Bilateral visits between Southeast Asia and China have increased in the past month as Beijing gradually loosens pandemic-related restrictions. Vice Premier Han Zheng visited
Singapore from November 1 to 2 to co-chair the 18th Joint Council for Bilateral Cooperation, the highest-level annual forum between China and Singapore. The trip was Han’s first overseas visit since the start of the pandemic, making him the most senior Chinese official to visit Singapore since the outbreak of Covid-19, and the first in-person meeting between representatives from both countries since 2020. The meeting culminated in the signing
of 19 memoranda of understanding and agreements—an increase from last year’s 14.
Singaporean deputy prime minister Heng Swee Keat, who co-chaired the forum, identified
digital transformation, climate issues, and strengthening connectivity as the three broad themes of the meeting and its deliverables. The green-related agreements include a green finance taskforce, which will be set up by the Monetary Authority of Singapore and the People’s Bank of China to enhance climate-friendly investment opportunities in China and the region. While in Singapore, Han also met with Prime Minister Lee Hsien Loong, President Halimah Yacob, and Deputy Prime Minister (and likely prime minister-designate) Lawrence Wong. A press statement
from Singapore’s Ministry of Foreign Affairs called the meetings a “milestone in the gradual resumption of more in-person people-to people exchanges between both countries.”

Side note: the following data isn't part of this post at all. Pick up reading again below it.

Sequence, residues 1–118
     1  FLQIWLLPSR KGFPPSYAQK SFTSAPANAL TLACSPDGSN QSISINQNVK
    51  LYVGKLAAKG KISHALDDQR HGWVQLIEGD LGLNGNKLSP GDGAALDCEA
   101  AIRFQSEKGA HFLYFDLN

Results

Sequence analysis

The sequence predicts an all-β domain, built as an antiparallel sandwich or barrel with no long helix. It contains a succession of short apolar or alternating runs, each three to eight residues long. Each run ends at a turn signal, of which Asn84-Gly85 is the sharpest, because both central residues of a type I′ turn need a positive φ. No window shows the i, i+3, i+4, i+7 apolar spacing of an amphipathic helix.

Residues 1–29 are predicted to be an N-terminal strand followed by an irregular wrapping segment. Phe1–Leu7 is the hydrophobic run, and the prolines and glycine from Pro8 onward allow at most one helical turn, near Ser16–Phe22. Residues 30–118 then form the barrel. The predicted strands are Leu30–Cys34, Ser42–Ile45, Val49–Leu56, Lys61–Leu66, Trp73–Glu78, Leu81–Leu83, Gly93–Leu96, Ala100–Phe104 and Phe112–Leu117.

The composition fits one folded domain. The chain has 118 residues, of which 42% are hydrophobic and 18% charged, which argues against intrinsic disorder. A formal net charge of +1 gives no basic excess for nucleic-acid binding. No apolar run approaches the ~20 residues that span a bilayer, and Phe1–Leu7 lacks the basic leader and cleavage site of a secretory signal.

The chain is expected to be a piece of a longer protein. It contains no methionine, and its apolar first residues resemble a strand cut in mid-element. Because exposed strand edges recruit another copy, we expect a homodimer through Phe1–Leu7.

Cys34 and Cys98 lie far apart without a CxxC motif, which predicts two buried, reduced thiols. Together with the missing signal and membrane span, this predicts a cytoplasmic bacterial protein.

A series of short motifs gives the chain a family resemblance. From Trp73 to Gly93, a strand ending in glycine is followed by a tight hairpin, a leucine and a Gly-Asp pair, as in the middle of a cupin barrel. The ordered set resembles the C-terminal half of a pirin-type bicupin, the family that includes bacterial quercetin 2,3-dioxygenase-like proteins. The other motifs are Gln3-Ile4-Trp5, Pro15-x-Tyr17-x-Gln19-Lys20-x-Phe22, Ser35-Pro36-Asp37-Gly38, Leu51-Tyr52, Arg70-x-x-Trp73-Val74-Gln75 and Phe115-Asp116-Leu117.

The General Secretary of the Communist Party of Vietnam, Nguyen Phu Trong, also paid
an official visit to China from October 30 to November 2. Trong met with President Xi Jinping for the first time since Vietnam hosted the APEC Summit in 2017. It was also Trong’s first trip abroad since he reportedly suffered a stroke in 2019. Notably, Trong is the first foreign leader to visit Beijing following the Chinese Communist Party’s 20th Party Congress. Although analysts have called
the visit “more form than substance,” with fewer concrete deliverables signed, the visit nonetheless points to the “special relationship
” between the two largest communist parties in the world, notwithstanding Beijing and Hanoi’s history of mistrust and territorial disputes. Vietnam is China’s largest trading partner in ASEAN and bilateral trade reached
$165.8 billion in 2021, an increase of 14.6 percent from the previous year.
Despite increasingly close defense and diplomatic partnerships with the United States, Singapore and Vietnam have been careful to not alienate China, which remains a vital economic partner to both. These recent visits suggest a return to more regular high-level interactions between China and Southeast Asia. And they will be followed in the coming weeks by Chinese premier Li Keqiang attending the ASEAN Summit and East Asia Summit in Cambodia, and President Xi joining the G20 and APEC summits in Indonesia and Thailand.
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